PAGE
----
April 20, 2004 10:27 AM PDT

Sites for the disabled flunk access tests

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More than half of Web sites run by disability organizations are failing to pass accessibility tests, according to a survey--meaning they cannot be used by some of the very people that they aim to support.

Last week, leading e-commerce Web sites were pointed out by the U.K.'s independent Disabled Rights Commission for failing accessibility tests. However, many members of the online community may well be more surprised by the findings of the Disability 50 survey conducted by communications consultancy Ethical Media.

Ethical Media tested 50 leading disability Web sites against the Web Content Accessibility Guidelines (WCAG) set out by the World Wide Web Consortium (W3C). The guidelines were established to ensure that people with disabilities, such as those with visual impairments, would still be able to access the Internet.

While such organizations are meant to follow the same rules as the majority of e-commerce sites, it could be argued they have a greater moral obligation to comply with these standards. Yet 58 percent failed to achieve the W3C's compulsory compliance level, the Ethical Media study found.

While these sites are clearly not meeting the needs of their users, they are also failing in the important role of leading by example, according to Paul Sternberg, the managing director of Ethical Media.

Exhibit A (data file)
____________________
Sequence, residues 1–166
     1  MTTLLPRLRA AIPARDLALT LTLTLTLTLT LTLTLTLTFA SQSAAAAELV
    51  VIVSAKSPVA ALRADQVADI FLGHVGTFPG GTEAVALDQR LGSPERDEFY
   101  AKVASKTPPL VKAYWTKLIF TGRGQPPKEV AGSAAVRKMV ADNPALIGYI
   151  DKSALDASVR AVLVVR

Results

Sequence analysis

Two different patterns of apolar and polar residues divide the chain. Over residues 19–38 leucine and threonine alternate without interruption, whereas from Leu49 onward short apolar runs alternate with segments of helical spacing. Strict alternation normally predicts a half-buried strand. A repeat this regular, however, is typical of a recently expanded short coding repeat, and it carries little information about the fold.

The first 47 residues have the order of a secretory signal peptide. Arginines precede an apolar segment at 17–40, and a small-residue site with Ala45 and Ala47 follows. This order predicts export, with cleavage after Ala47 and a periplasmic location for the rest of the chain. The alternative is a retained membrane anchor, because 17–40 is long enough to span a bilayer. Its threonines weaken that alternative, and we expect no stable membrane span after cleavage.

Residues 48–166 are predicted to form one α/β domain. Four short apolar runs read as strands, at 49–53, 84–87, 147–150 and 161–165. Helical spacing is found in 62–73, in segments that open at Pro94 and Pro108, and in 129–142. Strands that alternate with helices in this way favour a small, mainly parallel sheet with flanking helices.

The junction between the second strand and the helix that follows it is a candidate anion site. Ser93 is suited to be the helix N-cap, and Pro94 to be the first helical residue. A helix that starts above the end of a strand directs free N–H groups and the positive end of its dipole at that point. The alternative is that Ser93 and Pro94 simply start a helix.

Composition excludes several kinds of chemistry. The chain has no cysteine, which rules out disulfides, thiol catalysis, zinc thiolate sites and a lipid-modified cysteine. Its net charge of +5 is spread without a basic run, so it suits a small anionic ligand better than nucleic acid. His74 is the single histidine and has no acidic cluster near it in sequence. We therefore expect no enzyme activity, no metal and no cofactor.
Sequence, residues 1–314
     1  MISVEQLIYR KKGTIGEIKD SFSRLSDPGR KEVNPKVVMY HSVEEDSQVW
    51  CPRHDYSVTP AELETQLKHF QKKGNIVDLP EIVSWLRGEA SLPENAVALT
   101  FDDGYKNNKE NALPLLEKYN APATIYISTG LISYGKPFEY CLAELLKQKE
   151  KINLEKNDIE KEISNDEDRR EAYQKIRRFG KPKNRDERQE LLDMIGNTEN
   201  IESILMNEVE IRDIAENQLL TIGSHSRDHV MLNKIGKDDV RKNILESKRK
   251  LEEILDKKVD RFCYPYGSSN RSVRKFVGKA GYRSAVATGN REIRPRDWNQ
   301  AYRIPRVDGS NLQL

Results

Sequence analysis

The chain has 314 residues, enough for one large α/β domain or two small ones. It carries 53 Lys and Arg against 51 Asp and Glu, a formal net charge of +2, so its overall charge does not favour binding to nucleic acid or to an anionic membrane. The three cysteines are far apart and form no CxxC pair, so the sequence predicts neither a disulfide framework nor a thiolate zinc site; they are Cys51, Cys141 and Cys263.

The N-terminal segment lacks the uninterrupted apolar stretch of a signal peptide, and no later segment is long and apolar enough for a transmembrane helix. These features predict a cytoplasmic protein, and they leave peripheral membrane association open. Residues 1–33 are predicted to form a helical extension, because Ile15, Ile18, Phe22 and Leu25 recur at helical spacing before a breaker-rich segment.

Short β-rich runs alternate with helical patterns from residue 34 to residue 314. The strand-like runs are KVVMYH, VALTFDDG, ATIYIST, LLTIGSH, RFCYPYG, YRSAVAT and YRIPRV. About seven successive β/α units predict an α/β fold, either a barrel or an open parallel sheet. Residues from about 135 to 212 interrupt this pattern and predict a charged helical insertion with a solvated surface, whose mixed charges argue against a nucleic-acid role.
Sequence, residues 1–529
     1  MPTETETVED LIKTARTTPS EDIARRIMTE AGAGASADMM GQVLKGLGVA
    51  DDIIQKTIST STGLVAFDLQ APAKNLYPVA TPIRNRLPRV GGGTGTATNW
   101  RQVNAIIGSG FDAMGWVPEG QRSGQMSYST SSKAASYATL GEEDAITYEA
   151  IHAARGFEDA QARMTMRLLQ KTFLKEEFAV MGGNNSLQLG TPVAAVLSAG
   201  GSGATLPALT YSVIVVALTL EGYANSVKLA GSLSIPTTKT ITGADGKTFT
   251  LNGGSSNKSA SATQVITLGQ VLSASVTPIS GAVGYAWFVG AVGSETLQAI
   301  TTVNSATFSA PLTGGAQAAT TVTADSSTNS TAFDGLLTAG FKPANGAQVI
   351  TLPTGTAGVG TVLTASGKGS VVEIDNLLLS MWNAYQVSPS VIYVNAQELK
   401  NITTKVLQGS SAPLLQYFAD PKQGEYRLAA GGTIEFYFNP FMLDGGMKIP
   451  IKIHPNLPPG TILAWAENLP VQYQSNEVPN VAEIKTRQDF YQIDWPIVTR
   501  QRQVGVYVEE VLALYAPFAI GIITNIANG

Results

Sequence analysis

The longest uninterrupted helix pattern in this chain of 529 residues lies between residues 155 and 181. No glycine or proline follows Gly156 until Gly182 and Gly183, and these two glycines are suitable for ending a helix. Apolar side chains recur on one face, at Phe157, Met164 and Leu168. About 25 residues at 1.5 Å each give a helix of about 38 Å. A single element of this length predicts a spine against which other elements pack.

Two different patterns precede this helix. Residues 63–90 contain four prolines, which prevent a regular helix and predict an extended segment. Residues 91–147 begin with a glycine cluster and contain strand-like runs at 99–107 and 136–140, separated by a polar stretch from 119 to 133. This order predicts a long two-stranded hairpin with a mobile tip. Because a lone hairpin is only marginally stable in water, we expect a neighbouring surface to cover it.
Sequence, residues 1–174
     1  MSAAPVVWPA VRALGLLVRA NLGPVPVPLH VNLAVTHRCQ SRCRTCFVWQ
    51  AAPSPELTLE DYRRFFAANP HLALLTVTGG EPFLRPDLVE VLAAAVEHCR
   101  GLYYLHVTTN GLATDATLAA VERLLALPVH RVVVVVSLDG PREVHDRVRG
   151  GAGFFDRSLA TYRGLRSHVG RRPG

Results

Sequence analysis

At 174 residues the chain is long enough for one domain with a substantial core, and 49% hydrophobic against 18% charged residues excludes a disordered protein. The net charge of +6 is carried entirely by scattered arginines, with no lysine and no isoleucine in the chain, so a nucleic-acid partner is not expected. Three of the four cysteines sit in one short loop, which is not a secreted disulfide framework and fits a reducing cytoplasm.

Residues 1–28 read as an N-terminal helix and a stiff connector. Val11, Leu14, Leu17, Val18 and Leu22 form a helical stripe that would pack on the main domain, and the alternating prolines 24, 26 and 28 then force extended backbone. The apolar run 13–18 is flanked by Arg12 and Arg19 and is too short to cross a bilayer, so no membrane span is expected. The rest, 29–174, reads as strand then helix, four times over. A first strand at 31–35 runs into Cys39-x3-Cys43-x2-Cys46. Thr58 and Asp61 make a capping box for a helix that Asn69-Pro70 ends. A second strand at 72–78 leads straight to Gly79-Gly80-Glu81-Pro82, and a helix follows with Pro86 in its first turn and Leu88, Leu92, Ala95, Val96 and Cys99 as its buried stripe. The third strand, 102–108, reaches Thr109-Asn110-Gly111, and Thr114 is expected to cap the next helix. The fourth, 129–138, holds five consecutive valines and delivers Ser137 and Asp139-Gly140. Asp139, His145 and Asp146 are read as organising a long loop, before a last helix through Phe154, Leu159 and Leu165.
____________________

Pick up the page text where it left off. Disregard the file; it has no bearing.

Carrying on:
Sternberg said those organizations that fail to achieve basic compliance also risk serious damage to their reputations and risk undermining their own good causes.

However, Struan Robertson, an associate solicitor at information technology law firm Masons, said a major difference between sites aimed at the disabled and the e-commerce sites exposed last week is funding.

"Financial resources would have to be taken into consideration," he said. "The Disabled Rights Commission itself has stated that financial resources will be a factor in determining what changes should be made to a site."

If a disability organization's Web site received a complaint, Robertson believes a court would be unlikely to decide it had the necessary financial resources available to create high-level accessibility functionality for its site and that the organization was therefore remiss for not doing so.

A number of sites, including AbilityNet, Action for Blind People, the British Council for Disabled People and the Disability Rights Commission were singled out for praise by Ethical Media.


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Time for a Reality Check
As a blind person who surfs the web daily for news, shopping, banking and more, I find myself becoming increasingly frustrated and alarmed by talk that 80% of web sites are not truly accessible, or that many sites for the disabled fail W3C standards.

There are certainly some sites that are problematic, but the rules are quite simple. Using ALT text on all links would be the major thing to remember.